Breaking a lease can be a difficult process. But if you are living in poor circumstances, Patty Gilligan, the Human Relations director for Emporia, has advice.
“Know your options for breaking your lease, and come talk to me, or use the legal services offered by ESU, you won’t find a cheaper way to talk to lawyers,” Gilligan said.
There are many options to break a lease but most are under bad circumstances. If you are simply having a problem with your roommate or just need more space, the best option is to ask for allowance to sublease. Subleasing is a transfer of your current lease to another individual.
The most common reason people need to break lease is a lack of maintenance by landlords. Gilligan said that if repairs don’t get completed to inform the landlord they have 14 days to repair them. If the repairs are not completed you can give 30 day notice and legally void the lease.
Another option if you are not having issues is to buy out your lease. This method involves paying out what you still owe to the landlord. It is the most expensive option but can allow for recouping the money because if the property is rented by someone else the landlord cannot take your rent as well as the new tenants.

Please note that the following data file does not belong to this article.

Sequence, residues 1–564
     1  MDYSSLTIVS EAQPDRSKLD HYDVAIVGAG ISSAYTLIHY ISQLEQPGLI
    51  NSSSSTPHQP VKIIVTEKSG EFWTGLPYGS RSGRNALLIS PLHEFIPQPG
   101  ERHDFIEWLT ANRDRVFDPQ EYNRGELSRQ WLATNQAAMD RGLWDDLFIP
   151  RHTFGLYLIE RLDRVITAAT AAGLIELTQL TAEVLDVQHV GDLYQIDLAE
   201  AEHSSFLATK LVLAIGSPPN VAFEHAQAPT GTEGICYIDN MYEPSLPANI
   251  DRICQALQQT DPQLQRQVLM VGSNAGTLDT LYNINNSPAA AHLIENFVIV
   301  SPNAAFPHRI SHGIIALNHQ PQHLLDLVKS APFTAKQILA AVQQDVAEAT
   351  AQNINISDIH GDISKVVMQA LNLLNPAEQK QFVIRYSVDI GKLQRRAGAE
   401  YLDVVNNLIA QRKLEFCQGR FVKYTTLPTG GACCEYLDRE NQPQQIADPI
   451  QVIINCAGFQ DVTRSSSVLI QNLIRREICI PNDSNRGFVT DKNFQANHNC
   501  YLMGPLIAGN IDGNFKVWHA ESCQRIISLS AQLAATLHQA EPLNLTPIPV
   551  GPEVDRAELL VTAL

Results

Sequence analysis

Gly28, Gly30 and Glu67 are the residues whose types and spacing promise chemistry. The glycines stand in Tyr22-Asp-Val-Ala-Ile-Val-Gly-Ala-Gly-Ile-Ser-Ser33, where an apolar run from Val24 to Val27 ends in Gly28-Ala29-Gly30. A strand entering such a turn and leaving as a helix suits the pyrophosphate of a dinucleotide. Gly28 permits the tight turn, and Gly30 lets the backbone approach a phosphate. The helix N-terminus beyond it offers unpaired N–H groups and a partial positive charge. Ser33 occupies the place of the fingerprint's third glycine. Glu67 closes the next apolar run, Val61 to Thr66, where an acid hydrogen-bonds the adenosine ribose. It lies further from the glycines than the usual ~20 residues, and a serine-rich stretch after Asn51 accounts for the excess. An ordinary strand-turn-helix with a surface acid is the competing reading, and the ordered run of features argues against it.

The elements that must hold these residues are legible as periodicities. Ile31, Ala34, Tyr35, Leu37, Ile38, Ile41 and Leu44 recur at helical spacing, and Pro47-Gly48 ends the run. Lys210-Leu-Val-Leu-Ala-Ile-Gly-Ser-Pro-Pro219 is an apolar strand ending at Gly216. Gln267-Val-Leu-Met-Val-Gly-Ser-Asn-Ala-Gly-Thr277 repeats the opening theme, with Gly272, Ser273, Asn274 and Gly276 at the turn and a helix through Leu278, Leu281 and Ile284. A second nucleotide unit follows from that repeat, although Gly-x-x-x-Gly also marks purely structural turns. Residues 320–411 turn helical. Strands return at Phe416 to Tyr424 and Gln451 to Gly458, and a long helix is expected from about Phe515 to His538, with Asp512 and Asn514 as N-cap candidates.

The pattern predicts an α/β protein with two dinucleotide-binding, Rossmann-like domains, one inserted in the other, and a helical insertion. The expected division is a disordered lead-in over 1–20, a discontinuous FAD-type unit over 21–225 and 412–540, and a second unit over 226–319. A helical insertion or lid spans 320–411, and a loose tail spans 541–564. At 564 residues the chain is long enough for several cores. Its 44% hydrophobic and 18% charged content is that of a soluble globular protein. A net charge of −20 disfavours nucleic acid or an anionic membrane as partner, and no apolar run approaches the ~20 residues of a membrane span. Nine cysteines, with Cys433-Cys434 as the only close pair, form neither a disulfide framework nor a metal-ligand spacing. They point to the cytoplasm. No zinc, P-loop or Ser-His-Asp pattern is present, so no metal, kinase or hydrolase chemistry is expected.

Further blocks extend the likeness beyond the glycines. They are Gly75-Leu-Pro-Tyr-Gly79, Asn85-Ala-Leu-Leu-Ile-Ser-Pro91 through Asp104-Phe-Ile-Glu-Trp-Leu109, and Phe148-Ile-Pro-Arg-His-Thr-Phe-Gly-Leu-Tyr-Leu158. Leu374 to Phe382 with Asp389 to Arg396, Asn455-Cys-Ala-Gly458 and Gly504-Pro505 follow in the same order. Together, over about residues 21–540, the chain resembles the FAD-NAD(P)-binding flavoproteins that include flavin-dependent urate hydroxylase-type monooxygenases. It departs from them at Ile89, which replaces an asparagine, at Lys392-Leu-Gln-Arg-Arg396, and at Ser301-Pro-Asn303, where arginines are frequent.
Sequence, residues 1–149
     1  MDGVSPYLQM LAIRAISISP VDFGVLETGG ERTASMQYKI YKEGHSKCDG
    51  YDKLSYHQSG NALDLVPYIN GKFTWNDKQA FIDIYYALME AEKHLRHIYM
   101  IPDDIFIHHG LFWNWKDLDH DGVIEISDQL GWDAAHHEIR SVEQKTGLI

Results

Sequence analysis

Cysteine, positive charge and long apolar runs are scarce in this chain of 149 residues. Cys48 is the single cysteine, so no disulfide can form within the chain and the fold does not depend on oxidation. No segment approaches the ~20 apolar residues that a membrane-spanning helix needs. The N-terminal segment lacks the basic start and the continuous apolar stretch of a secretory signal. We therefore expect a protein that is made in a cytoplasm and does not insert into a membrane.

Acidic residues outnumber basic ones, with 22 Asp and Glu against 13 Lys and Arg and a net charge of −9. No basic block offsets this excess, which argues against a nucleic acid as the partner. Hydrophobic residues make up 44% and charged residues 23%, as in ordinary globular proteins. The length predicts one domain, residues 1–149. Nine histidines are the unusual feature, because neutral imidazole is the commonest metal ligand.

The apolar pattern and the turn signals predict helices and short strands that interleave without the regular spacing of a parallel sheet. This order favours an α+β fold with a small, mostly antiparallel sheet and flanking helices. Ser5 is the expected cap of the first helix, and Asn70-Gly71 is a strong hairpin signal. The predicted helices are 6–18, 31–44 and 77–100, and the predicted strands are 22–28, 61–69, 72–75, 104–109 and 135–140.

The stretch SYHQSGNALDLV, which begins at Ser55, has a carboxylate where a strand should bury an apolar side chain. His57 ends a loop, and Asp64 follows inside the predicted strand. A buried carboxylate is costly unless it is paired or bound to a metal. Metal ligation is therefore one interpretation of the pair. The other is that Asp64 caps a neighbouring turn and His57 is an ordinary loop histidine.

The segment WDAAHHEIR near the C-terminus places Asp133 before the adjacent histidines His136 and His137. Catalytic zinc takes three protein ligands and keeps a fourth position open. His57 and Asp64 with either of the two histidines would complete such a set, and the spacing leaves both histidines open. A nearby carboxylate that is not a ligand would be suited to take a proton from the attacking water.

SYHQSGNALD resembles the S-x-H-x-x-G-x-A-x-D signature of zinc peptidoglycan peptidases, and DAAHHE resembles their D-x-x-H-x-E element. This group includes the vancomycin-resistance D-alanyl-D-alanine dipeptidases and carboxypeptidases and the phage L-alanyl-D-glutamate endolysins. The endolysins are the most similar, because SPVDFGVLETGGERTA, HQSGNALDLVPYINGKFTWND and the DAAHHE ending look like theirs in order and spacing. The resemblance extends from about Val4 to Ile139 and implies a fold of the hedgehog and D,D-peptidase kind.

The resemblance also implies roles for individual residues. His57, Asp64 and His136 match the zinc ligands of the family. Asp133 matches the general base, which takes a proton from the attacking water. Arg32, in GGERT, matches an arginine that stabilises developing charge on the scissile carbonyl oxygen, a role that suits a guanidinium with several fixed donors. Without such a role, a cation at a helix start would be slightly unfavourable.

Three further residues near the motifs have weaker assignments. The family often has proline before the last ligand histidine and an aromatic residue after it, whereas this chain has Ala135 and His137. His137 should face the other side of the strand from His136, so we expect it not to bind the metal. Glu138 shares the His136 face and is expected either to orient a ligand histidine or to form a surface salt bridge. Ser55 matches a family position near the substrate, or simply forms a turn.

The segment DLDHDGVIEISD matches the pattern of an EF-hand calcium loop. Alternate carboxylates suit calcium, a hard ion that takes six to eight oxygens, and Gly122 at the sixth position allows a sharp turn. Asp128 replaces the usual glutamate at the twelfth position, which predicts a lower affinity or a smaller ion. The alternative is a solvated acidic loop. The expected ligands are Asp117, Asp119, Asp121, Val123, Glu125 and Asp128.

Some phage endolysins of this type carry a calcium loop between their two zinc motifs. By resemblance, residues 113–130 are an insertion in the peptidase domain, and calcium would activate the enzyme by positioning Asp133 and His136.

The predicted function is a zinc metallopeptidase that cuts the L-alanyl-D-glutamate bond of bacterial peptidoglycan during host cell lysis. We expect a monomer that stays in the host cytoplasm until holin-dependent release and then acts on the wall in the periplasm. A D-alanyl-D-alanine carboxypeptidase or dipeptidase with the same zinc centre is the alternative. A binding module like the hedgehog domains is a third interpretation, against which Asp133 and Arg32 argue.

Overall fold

“If you got an apartment that was in good repair when you got it you’re probably looking at a good landlord, if you’re looking at a property that needs repairs and they say they’ll get it done don’t sign that lease,” said Gilligan.
Gilligan said it was important for renters to know their rights so they can defend themselves from inefficient landlords. Carlos Pringle, graduate student in history, has lived under multiple landlords here in Emporia and has generally had good experiences.
“I did have a slum lord but a change in management kept me from needing to break my lease,” Pringle said.
The dorms are not covered by the city but rather Residential Life on campus. Cass Coughlin, director of Residential Life, provided some options for breaking the dorm leases. There are six methods to leave the dorms without incurring penalties. In order to break the housing agreement you must submit your reason to Residential Life.
The options include marriage, leaving the college by method of transfer, graduation or withdrawal, or with written approval by the director of Residential Life. Being called into military service as well as sponsored learning activities off campus and significant medical problems are also options.
If the housing agreement is broken for any other reason multiple penalties are incurred. They include the forfeiture of the $145 payment and you must pay 40 percent of your remaining total for the semester.
All of this information is available on ESU’s website under Residential Life.